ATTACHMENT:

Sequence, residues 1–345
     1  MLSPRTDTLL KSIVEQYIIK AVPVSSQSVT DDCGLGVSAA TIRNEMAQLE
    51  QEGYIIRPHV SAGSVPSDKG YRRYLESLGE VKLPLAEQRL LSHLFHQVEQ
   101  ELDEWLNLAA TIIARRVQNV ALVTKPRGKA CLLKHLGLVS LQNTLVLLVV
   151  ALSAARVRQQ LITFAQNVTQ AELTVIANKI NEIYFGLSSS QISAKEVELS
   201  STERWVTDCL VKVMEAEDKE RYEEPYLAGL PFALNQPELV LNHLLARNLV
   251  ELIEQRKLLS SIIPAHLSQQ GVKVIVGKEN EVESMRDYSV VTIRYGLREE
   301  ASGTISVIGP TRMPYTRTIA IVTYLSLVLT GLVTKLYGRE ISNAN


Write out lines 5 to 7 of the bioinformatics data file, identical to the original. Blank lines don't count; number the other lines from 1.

   151  ALSAARVRQQ LITFAQNVTQ AELTVIANKI NEIYFGLSSS QISAKEVELS
   201  STERWVTDCL VKVMEAEDKE RYEEPYLAGL PFALNQPELV LNHLLARNLV
   251  ELIEQRKLLS SIIPAHLSQQ GVKVIVGKEN EVESMRDYSV VTIRYGLREE